Execution was the word used by French
Interior Minister Manuel Valls following his visit to the crime scene in the Gare du Nord district of central Paris
where three female members of the outlawed Kurdistan Workers Party (PKK) were killed on (the supposedly late hours of ) Jan. 9 in the PKK-operated Kurdistan Information Center. There are reports about a gun or guns with silencers used to kill three women.
One of them, Sakine Cansız, was a veteran member, one of the founders, of the PKK
back in 1978. There were media reports claiming that after being in charge of the organization’s Germany branch for years (which is vital for the PKK
for money and for recruitment if hundreds of thousands of Kurdish-Turkish people living in Germany are considered), Cansız was asked to take care of the PKK’s organization in France, too. One of the other women killed, Fidan Doğan, was the French
branch chief of the PKK’s self-declared Kurdistan National Congress. Less is known about the third victim, Leyla Sönmez.
One of the first things coming into minds is a possible relation of murders with the ongoing round of talks between the Turkish National Intelligence Service (MİT) and the founding leader of the PKK, Abdullah Öcalan, to end the violence and find a peaceful solution to Turkey’s Kurdish problem, which has claimed more than 40,000 lives in the last three decades. Öcalan has been kept in the İmralı island-prison near Istanbul since his arrest in 1999 in a joint MİT-CIA operation in Kenya, and his current stance to carry out talks with Turkish government agents is not approved by all the factions within the PKK. Cansız was known to be loyal to Murat Karayılan, the de facto head of the PKK
based in the military headquarters in the Kandil Mountains of Iraq, within the Masoud Barzani-led Kurdistan Regional Governor (KRG) territory bordering Iran
and Turkey. Karayılan was known to have had problems for some time with one of his guerilla commanders, a certain Bahoz Erdal of Syrian-Kurdish origin, one of the most radical and ruthless names of the PKK.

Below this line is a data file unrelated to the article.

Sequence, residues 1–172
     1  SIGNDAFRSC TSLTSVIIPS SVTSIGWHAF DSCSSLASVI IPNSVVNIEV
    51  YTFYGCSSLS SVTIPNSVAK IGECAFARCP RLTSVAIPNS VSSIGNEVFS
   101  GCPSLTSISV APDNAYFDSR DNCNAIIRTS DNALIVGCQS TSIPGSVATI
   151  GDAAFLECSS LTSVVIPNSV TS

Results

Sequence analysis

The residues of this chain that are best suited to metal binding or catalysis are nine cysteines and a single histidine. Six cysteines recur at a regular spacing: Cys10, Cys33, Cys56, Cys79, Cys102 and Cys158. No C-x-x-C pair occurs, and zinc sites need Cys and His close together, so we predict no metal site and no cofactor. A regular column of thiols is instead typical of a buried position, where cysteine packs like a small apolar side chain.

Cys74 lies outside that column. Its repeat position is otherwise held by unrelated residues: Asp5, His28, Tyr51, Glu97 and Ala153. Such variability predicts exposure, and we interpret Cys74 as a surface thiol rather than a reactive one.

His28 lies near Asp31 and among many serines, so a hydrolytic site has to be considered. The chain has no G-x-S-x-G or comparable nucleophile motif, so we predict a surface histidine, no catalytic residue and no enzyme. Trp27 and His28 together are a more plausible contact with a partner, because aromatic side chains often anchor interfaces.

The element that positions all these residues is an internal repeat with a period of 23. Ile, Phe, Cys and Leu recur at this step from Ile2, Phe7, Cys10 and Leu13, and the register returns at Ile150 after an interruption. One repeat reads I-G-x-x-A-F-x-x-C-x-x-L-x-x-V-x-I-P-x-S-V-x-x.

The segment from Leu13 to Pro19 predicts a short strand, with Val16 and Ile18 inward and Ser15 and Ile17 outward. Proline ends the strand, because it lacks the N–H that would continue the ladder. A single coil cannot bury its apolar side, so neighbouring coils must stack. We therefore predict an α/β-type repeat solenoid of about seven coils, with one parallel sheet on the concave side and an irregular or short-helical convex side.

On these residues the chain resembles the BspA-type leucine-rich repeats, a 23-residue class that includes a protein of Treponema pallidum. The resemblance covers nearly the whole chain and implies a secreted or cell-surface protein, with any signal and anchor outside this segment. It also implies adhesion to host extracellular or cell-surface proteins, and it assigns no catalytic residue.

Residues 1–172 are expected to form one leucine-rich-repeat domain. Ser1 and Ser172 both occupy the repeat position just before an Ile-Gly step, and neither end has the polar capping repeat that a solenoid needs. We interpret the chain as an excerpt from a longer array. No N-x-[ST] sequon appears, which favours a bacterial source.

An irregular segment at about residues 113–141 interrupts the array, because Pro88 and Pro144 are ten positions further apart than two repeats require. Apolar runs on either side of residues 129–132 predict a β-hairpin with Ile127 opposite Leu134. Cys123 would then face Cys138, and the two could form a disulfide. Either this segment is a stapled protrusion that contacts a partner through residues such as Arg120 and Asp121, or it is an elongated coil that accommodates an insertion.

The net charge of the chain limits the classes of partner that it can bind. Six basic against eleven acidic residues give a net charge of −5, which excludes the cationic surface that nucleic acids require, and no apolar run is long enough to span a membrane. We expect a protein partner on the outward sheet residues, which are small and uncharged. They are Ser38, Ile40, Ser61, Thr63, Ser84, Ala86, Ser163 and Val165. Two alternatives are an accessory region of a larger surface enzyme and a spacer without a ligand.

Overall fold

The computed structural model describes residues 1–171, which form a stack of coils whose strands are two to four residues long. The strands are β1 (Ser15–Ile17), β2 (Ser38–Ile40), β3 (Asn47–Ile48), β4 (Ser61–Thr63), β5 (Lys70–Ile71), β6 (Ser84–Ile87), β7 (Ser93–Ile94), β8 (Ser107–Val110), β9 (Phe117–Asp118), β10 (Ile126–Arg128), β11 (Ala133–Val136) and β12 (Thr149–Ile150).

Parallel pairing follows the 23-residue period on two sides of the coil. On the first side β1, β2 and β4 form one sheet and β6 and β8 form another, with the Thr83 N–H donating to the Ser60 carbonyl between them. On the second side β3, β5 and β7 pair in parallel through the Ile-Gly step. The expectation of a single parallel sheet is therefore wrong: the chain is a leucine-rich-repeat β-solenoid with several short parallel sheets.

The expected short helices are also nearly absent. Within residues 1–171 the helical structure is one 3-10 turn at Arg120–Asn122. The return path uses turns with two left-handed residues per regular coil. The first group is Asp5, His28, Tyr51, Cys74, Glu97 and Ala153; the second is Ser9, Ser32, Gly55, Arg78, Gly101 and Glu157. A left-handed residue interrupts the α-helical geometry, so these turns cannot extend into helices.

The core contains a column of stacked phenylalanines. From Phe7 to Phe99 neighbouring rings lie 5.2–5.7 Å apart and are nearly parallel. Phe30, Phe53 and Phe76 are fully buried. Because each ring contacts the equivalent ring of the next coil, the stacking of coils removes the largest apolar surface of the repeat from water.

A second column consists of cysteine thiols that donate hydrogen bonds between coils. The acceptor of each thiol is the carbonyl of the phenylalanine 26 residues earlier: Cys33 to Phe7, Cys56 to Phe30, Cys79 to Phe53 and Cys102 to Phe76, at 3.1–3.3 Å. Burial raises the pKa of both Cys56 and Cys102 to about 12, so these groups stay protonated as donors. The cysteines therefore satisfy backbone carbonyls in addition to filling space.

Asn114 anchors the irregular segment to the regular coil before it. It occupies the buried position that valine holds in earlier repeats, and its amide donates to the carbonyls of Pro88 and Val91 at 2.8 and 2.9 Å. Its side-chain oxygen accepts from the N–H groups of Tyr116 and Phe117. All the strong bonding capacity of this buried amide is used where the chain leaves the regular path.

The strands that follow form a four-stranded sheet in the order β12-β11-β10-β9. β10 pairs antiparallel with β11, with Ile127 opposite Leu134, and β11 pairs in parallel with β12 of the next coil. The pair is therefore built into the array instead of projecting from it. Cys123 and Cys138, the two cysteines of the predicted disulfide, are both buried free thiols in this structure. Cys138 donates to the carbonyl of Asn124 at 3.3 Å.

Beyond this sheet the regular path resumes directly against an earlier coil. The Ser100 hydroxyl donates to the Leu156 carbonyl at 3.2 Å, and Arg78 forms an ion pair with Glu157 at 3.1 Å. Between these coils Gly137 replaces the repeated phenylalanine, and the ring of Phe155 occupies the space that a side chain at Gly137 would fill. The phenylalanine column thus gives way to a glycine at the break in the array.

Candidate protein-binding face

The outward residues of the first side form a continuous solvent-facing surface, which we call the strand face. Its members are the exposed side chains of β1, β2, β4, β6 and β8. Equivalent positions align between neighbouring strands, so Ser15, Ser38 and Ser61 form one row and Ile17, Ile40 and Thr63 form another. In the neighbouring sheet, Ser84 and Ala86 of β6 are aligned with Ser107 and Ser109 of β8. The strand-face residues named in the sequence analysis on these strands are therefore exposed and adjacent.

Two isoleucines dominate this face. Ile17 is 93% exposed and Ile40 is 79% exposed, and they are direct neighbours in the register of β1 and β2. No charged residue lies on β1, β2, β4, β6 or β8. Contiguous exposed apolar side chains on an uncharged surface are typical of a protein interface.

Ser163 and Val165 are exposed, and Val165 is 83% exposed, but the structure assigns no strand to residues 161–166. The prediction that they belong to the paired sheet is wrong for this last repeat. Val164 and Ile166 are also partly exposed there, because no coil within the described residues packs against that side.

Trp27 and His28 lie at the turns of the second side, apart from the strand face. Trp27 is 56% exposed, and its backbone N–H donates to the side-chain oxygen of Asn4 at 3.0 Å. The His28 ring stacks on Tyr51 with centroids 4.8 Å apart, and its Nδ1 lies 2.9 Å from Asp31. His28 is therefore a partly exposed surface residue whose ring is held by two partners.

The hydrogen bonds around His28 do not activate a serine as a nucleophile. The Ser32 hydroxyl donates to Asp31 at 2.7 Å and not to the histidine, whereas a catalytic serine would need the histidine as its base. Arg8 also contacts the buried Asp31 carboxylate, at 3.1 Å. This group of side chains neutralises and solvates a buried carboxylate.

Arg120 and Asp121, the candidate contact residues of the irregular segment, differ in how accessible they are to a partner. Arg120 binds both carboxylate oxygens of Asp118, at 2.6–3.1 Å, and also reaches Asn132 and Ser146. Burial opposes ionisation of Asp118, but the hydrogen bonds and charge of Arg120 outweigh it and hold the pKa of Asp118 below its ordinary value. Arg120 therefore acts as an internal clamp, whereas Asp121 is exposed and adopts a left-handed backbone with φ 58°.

As soon as the news of the murders hit media in the early hours of Jan. 10, the first reactions came from Zübeyir Aydar. Based in Brussels, Aydar (blacklisted by the U.S. Treasury in relation with narco-trafficking) is one of the top names of the PKK
and a member of the delegation who talked to MİT during the failed first round of talks, the “Oslo talks” between 2009 and 2011. Aydar immediately accused the Turkish “deep state” of carrying out the attack in order to undermine the talks.
The reply came quickly from Ankara. Hüseyin Çelik, the spokesman for the ruling Justice and Development Party (AK Parti) denounced the attack as being an “inner fight” within the PKK, which has not been very uncommon. Then, a very interesting detail came from Tahsin Burcuoğlu, Turkey’s ambassador to Paris, who said that the “killer or killers” might have entered the office without any sign of force and when the police arrived they had to crush the door open, because it was locked, which could be a sign than the murdered women might have known the attackers in person.
The curtain was down yesterday for a statement by Prime Minister Tayyip Erdoğan, who was paying a visit to Senegal. He said that it was either an inner-PKK affair or a provocation to undermine the talks. If it is an inner fight, it might well be a sign that the Öcalan dialogue has caused a deep rift within the PKK. If it is not, then it can be someone from within the PKK, from within the Turkish system or from some other country or group that is not pleased with Turkey getting rid of the Kurdish problem. It is not only a murder investigation for French
police, it is an international political mystery as well.